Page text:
The annual media brouhaha is here already. Next Tuesday will mark 13 years (according to the Gregorian calendar) since Rabin’s death. In the beginning, this date was marked by many events geared towards healing rifts between the Right and Left in Israel (both political and religious). In Novembers, however, Yigal Amir has been in the headlines more than national healing sessions.
Amir is a controversial figure in Israel, to say the least. There are groups of people who want to pardon him. There are groups of people who want him to rot in jail. There are those probably who don’t even care, but express the prevalent opinion (that would be the latter) for social reasons. There was the issue of whether or not the courts should allow his marriage to Larisa Trembovler. Obviously, the question of children then came up because obviously a politically unpopular criminal should be denied the basic rights afforded to other criminals.
This year, slightly less explosive then the ridiculous issues I mentioned, Yigal Amir was interviewed by Channel 10 in which he said, among other things that will surely get much more coverage than deserved, that he could have killed Rabin earlier than November of 1995, and that “all the military experts said that the Oslo Accord was a disaster.”
Of course, Peace Now (an organization that does not promote peace, not now and not later) had to get involved and, in typical fashion, is trying to quash viewpoints they view as “unacceptable.” Yariv Oppenheimer, Secretary-General of Peace Now, called on the media not to publish the interview (sorry, Hebrew. Why do the news sites not translate these things?) because “the murderer and his followers are attempting to control the public discourse and relay unacceptable message. The media must…not provide them with a outlet.”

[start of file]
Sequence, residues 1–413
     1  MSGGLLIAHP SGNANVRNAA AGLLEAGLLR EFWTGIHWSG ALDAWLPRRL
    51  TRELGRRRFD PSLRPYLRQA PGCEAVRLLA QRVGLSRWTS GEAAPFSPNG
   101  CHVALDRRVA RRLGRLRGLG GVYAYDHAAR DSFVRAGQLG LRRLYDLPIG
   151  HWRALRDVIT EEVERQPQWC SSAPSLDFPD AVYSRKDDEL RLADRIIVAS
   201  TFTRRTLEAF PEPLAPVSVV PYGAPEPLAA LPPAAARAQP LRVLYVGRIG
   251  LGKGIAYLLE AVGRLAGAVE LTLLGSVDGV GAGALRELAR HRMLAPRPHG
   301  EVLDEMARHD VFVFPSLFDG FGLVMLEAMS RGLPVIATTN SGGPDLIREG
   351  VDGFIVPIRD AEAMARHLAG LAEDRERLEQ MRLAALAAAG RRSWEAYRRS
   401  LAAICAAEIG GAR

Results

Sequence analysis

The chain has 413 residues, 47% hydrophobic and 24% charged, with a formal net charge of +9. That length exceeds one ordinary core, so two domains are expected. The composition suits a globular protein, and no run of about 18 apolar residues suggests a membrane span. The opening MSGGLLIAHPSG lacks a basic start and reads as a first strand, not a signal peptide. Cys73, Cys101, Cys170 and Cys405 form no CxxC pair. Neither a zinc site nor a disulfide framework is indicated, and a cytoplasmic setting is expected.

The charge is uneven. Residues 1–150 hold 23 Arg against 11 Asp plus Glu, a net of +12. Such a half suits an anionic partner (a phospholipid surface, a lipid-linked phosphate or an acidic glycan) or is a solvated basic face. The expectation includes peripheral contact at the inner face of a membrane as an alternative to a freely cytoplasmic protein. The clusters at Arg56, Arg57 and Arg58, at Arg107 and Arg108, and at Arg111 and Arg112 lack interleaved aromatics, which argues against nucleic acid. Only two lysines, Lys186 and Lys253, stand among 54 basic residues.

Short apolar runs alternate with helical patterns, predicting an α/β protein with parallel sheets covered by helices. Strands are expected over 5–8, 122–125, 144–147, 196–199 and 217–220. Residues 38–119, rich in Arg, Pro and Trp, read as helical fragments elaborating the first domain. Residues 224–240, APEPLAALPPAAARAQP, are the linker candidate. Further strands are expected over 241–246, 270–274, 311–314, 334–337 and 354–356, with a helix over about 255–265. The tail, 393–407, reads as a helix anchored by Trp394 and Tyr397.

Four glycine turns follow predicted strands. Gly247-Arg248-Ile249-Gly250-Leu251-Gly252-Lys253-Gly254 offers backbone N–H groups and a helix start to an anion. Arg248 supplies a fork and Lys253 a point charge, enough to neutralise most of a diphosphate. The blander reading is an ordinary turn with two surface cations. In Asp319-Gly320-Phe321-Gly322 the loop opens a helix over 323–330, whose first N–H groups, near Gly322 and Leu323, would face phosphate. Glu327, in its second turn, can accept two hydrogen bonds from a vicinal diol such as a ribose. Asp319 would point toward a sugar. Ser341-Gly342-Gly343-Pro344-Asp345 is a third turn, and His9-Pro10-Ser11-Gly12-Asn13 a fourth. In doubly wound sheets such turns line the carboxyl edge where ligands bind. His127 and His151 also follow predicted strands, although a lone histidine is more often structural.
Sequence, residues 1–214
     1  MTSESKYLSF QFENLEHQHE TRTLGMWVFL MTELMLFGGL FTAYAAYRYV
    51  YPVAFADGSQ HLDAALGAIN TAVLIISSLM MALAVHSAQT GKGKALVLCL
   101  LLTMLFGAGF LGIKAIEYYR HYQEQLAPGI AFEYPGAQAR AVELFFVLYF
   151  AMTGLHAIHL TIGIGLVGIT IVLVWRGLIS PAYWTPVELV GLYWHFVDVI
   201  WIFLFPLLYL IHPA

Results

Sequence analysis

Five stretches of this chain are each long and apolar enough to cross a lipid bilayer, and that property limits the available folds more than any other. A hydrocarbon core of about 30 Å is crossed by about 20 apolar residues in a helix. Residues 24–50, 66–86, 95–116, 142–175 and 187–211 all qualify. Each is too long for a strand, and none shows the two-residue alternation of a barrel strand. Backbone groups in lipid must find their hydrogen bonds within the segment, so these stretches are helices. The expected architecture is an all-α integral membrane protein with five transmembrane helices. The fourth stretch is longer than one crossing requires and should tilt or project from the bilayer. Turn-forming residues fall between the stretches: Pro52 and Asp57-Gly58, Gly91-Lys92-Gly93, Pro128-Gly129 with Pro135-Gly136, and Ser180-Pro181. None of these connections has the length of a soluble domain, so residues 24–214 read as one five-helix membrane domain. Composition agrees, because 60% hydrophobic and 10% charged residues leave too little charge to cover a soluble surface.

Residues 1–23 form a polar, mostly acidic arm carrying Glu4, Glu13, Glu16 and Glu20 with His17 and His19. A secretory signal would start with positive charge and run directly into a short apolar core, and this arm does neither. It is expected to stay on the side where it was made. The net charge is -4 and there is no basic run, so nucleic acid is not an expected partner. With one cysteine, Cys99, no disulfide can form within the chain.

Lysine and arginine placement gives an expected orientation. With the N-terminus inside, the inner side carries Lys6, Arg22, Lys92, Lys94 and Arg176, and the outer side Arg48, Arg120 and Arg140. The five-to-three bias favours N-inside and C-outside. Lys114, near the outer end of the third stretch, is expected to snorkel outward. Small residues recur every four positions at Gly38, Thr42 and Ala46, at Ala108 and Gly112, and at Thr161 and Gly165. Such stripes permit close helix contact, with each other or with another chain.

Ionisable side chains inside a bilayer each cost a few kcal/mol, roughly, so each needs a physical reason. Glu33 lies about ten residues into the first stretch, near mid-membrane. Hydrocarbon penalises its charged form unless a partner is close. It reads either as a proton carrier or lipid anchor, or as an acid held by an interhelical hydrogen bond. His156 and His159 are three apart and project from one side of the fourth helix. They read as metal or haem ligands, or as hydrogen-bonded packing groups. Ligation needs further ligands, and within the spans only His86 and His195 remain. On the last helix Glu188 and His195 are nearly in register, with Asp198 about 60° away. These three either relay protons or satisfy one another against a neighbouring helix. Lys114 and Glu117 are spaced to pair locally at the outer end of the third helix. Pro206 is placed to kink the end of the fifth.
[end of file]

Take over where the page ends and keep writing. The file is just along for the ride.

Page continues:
First, Oppenheimer is trying to block someone else from expressing himself, regardless of what he actually wants to say. Free speech is clearly not an ideal he values. Second, the media’s responsibility is to report on what is newsworthy. Newsworthiness is not decided by NGOs, but by the public’s interest. Unfortunately, the public has deemed this issue newsworthy.
Not only are they against free speech, they are not even consistent on whether or not murderers should allow themselves to avail themselves of this right. When is the last time Peace Now protested a media outlet interviewing somone like, say, Jibril Rajoub?